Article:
Also you should be conversant with competitive endogenous RNA (ceRNA) — here’s a link — https://luysii.wordpress.com/2014/01/20/why-drug-discovery-is-so-hard-reason-24-is-the-3-untranslated-region-of-every-protein-a-cerna/

Also you should understand what microRNAs are — we’re still discovering all the things they do — here’s the background you need — https://luysii.wordpress.com/2015/03/22/why-drug-discovery-is-so-hard-reason-26-were-discovering-new-players-all-the-time/weith.

Still game?

Now we must delve into the embryology of the brain, something few chemists or nonbiological type scientists have dealt with.

You’ve probably heard of the term ‘water on the brain’. This refers to enlargement of the ventricular system, a series of cavities in all our brains. In the fetus, all nearly all our neurons are formed from cells called neuronal precursor cells (NPCs) lining the fetal ventricle. Once formed they migrate to their final positions.

Each NPC has two choices — Choice #1 –divide into two NPCs, or Choice #2 — divide into an NPC and a daughter cell which will divide no further, but which will mature, migrate and become an adult neuron. So to get a big brain make NPCs adopt choice #1.

This is essentially a choice between proliferation and maturation. It doesn’t take many doublings of a NPC to eventually make a lot of neurons. Naturally cancer biologists are very interested in the mechanism of this choice.

Well to make a long story short, there is a protein called NOTCH — vitally important in embryology and in cancer biology which, when present, causes NPCs to make choice #1. So to make a big brain keep Notch around.

Well we know that some microRNAs bind to the mRNA for NOTCH which helps speed its degradation, meaning less NOTCH protein. One such microRNA is called miR-143-3p.

We also know that the brain contains a lncRNA called lncND (ND for Neural Development). The incredible elegance is that there is a primate specific insert in lncND which contains 16 (yes 16) binding sites for miR-143-3p. So lncND acts as a sponge for miR-143-3p meaning it can’t bind to the mRNA for NOTCH, meaning that there is more NOTCH around. Is this elegant or what. Let’s hear it for the Blind Watchmaker, assuming you have the faith to believe in such things.

Fortunately lncND is confined to the brain, otherwise we’d all be dead of cancer.

Should you want to read about this, here’s the reference [ Neuron vol. 90 pp. 1141 – 1143, 1255 – 1262 ’16 ] where there’s a lot more.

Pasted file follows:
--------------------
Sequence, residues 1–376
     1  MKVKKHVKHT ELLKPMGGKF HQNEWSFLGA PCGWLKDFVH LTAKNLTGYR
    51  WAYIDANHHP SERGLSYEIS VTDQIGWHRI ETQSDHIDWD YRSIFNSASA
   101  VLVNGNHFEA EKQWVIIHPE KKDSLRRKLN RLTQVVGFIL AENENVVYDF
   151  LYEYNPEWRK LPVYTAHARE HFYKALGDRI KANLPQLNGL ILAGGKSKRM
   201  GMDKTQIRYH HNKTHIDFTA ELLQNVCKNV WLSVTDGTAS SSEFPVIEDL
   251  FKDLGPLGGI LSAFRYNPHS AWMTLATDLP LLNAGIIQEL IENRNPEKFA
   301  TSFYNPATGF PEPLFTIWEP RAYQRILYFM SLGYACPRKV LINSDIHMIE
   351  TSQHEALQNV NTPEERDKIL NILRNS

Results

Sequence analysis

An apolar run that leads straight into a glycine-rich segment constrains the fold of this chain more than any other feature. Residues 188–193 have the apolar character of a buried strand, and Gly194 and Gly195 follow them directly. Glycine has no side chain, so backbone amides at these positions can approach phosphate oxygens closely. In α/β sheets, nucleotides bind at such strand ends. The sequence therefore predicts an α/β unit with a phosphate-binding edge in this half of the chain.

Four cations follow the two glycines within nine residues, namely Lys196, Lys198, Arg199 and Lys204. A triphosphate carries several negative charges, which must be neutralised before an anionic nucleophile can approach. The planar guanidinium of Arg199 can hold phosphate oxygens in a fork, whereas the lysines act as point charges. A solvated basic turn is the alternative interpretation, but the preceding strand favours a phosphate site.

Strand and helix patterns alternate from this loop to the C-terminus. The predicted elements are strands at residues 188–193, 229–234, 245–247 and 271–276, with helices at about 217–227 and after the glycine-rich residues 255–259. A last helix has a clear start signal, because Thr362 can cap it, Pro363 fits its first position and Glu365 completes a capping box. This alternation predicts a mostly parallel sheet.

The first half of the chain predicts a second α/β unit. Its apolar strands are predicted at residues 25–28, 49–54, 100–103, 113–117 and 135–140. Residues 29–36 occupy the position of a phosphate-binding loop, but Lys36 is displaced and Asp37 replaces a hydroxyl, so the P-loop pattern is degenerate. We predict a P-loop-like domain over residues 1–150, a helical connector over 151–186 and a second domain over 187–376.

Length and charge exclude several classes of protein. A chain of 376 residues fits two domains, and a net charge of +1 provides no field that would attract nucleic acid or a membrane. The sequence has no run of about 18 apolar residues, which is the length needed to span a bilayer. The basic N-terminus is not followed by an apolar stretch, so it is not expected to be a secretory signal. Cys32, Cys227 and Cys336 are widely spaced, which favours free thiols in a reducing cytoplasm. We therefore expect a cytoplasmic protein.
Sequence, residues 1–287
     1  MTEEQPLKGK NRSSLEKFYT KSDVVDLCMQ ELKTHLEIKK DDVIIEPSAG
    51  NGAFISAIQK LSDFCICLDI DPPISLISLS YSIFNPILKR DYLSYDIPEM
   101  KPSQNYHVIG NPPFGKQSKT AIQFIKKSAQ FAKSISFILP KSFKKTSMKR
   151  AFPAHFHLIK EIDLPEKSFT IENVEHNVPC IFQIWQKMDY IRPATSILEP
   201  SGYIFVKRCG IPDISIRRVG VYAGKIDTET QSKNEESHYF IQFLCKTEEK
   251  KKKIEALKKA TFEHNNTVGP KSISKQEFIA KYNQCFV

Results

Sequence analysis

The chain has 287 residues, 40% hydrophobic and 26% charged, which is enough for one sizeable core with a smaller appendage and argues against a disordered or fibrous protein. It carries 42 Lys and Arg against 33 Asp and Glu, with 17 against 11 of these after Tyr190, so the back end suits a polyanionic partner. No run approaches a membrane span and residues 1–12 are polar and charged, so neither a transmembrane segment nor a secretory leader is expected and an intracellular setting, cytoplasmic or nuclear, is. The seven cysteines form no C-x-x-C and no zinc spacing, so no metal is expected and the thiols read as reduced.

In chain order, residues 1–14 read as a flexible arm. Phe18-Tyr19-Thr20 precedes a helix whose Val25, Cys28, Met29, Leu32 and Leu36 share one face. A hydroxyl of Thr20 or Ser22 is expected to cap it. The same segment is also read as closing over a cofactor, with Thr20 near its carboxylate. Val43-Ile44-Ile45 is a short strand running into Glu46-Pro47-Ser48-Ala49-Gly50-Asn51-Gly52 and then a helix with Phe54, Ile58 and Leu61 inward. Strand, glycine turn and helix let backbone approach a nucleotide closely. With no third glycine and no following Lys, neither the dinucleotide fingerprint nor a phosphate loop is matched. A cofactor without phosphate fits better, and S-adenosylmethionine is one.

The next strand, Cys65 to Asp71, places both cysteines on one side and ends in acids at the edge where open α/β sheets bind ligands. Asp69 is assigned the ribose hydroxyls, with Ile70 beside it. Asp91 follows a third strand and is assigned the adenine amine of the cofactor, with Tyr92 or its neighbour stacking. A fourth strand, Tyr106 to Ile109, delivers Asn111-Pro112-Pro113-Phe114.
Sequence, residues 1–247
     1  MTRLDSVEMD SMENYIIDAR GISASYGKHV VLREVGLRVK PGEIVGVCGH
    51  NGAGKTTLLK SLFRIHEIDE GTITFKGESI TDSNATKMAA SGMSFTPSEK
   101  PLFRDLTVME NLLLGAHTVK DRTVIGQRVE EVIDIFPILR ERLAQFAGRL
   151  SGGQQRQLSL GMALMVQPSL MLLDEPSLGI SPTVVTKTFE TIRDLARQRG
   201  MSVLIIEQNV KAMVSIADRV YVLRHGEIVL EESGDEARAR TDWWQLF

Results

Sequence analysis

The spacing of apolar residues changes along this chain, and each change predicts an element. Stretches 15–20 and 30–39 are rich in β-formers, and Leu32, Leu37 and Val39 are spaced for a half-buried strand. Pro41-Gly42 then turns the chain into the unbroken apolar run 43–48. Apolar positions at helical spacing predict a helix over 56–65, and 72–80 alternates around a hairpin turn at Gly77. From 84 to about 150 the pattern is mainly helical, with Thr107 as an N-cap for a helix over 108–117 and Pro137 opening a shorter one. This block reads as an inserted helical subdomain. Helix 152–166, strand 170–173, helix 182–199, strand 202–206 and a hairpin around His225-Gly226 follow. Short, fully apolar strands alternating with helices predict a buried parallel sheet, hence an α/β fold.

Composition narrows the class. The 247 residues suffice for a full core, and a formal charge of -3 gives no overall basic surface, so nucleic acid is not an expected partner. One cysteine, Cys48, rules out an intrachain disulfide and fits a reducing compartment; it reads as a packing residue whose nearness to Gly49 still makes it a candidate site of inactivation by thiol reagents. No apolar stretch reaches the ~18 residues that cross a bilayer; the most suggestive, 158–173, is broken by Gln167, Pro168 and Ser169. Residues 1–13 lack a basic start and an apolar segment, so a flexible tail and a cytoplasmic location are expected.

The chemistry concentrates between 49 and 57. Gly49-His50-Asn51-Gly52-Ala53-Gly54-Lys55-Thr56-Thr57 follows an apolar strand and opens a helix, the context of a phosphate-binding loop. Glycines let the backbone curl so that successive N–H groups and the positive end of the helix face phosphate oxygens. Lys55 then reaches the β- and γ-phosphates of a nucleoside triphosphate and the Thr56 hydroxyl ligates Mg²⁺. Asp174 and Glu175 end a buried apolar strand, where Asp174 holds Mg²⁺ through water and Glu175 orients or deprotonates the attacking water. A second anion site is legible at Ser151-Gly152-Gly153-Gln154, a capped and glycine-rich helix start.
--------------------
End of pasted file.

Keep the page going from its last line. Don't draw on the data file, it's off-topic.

Historically, this was one of the criticisms of the Star Wars Missile Defense — the Russians wouldn’t send over a few missles, they’d send hundreds which would act as sponges to our defense. Whether or not attempting to put Star Wars in place led to Russia’s demise is debatable, but a society where it was a crime to own a copying machine, could never compete technically to produce such a thing.

Are you as smart as the (inanimate) blind watchmaker

Here’s a problem the cell has solved. Can you? Figure out a way to send a protein to two different membranes in the cell (the membrane encoding it { aka the plasma membrane }, and the endoplasmic reticulum) in the proportions you wish.

The proteins must have exactly the same sequence and content of amino acids, ruling out alternative splicing of exons in the mRNA (if this is Greek to you have a look at the following post — https://luysii.wordpress.com/2012/01/09/molecular-biology-survival-guide-for-chemists-v-the-ribosome/ and the others collected under — https://luysii.wordpress.com/category/molecular-biology-survival-guide/).

The following article tells you how the cell does it. Recall that not all of the messenger RNA (mRNA) is translated into protein. The ribosome latches on to the 5′ end of the mRNA,  subsequently moving toward the 3′ end until it finds the initiator codon (AUG which codes for methionine). This means that there is a 5′ untranslated region (5′ UTR). It then continues moving 3′ ward stitching amino acids together.  Similarly after the ribosome reaches the last codon (one of 3 stop codons) there is a 3′ untranslated region (3′ UTR) of the mRNA. The 3′ UTR isn’t left alone but is cleaved and a polyAdenine tail added to it. The 3′ UTR is where most microRNAs bind controlling mRNA stability (hence the amount of protein produced from a given mRNA).